Are you ready to negotiate? It may not be a concern if you’re hiring a low-wage or entry-level employee. But if your top candidate is a seasoned professional, or if they’re currently employed elsewhere, there’s a chance that negotiations will be part of the hiring process.
Negotiating a job candidate’s salary
Getting a new job is all about making more money, right? And candidates often base salary expectations on a mix of things, such as:
- What they’ve previously earned, or are currently earning;
- What they’ve seen in comparable job listings; or
- Their understanding of the industry, the job responsibilities, and the local cost of living.
And while it’s true that a new job typically brings a larger salary bump than an employee can get via a raise, not every candidate is going to ask for more than you offer. In fact, according to a Glassdoor survey, only 41% of new hires actually negotiate salary. And, as the same survey suggests, only 10% of candidates that negotiate do so successfully. Based on this data, it’s easy to conclude that the salary you present in your formal offer will be the one your new hire signs off on.
Salary is only part of job candidate negotiations
There are plenty of factors other than salary behind a job candidate’s decision to negotiate. Perhaps they’re willing to take a pay cut because your company is a better cultural match, but want to talk about the benefits package or PTO. Or maybe they’re leaving a place of business because the salary you’re offering is too good to pass up, but they’re really going to miss the flex time they have at their current job. Are you willing to consider flex time?
Has your communication been open from the start?
When you view negotiation as another step in the recruiting process, you can include it in your thinking and planning. In our recent Spotlight, “From Job Offer to Onboarding,” you can read about ways to turn negotiations into a win-win situation for the candidate and your company, and how your applicant tracking system (ATS) can help you prepare for the process.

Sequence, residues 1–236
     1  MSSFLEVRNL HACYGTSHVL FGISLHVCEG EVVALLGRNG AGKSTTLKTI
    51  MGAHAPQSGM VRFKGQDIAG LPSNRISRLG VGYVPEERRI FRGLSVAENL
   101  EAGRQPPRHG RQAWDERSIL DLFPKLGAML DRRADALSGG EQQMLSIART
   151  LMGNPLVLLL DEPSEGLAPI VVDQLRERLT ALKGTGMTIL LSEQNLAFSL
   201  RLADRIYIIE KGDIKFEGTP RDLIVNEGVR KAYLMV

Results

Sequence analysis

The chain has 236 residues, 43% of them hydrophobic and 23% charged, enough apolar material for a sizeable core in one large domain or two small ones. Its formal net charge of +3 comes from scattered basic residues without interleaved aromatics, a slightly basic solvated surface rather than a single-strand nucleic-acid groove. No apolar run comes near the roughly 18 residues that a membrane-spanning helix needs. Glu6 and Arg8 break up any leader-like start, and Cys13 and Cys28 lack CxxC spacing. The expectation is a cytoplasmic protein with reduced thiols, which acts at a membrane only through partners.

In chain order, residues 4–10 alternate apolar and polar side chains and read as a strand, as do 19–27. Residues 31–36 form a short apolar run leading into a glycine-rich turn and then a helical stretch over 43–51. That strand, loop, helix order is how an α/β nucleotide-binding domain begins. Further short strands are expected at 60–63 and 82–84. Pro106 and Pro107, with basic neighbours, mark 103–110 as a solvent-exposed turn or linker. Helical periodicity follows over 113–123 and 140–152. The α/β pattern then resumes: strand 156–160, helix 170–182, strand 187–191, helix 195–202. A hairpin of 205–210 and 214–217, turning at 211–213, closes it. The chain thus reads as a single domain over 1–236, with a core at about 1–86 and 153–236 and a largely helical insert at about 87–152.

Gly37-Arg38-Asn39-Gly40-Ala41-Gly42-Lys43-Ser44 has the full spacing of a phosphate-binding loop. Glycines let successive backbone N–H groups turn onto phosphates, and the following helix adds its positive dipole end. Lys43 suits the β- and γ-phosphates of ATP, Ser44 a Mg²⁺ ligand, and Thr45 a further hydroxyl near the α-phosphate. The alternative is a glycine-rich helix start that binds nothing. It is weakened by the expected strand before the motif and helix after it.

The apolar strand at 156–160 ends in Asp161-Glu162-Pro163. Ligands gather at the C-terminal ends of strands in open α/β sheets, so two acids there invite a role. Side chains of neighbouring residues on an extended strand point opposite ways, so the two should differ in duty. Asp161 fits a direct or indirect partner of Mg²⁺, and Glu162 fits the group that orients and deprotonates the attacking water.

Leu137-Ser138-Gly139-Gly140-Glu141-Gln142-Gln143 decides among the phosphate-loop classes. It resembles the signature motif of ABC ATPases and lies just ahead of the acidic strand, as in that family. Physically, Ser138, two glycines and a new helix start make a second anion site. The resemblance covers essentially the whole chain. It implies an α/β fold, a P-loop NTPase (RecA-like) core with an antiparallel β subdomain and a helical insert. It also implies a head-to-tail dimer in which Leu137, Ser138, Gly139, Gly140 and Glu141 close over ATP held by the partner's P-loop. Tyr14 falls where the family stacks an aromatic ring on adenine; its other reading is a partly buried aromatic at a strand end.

If you have been upfront about salary, benefits and perks from the start, then there’s a good chance that your candidate will refer to this information when the formal offer arrives. And if everything lines up with their expectations, you might be on your way to keeping any negotiations on the light side, or avoiding them altogether.
But what happens when things don’t go so smoothly?
When you call your top candidate and offer them the job, it’s likely that they’ll want to talk about salary and benefits. If they do, here a few things to keep in mind before you send anything in writing:
- Start by reminding the candidate about any salary ranges or benefits information you’ve already shared.
- Ask them if this information aligns with their own thinking. Whether or not it does, they might appreciate having the opportunity to revisit and discuss this range.
- Also remind the candidate that the formal offer will be in their in-box shortly, perhaps as early as end-of-business today, or start-of-business tomorrow.
What if the job candidate is part of the 41% that want to negotiate?
If you’re asking a candidate to take a lower salary, relocate, or bump against their ideal work-life balance, it’s possible that negotiations will indeed happen. Ideally, you’ve gotten to know the candidate and their expectations to the point where the negotiation phase will be easy on everyone.
The following tips for before and after you present your offer can help create a win for everyone:
Before you present your offer:
- Make sure your written offer explains benefits and perks as thoroughly as possible, especially those that reflect things the candidate has shared. And set time aside for follow-up emails or phone calls to discuss the offer.
- If possible, get HR onboard, and let them know how the offer is going. You might need them to answer any questions from the candidate.
After you present your offer:
- Try to create and maintain a back-and-forth quality to any conversation that includes negotiating. This can help remind the candidate that their stake in the process matters.
- Be sure to set limits around salary, benefits and perks—and be willing to push beyond them, or at least be ready to discuss the possibility with senior leaders if necessary. With the average job opening taking more than 50 days to fill, you’ve come too far to lose your top candidate at this point.
Some things are simply non-negotiable, whether salary, perks, or other benefits. In some cases, cultural norms related to working hours, telecommuting, or even casual Fridays are literally written into the HR handbook. As you go back and forth with your top candidate, continue to listen to what they want, and see if there’s another way you can meet their work-life needs. This can also be an opportunity to revisit the way your company handles and communicates its cultural norms, especially if recruiting or retention have become issues as of late.
Negotiating your offer is one of the final steps in the hiring process. As your dedicated applicant tracking system, myStaffingPro can help you stay organized as you prepare to onboard your next hire and beyond. Contact a myStaffingPro representative today, and find out how we can help simplify your hiring workflow from start to finish.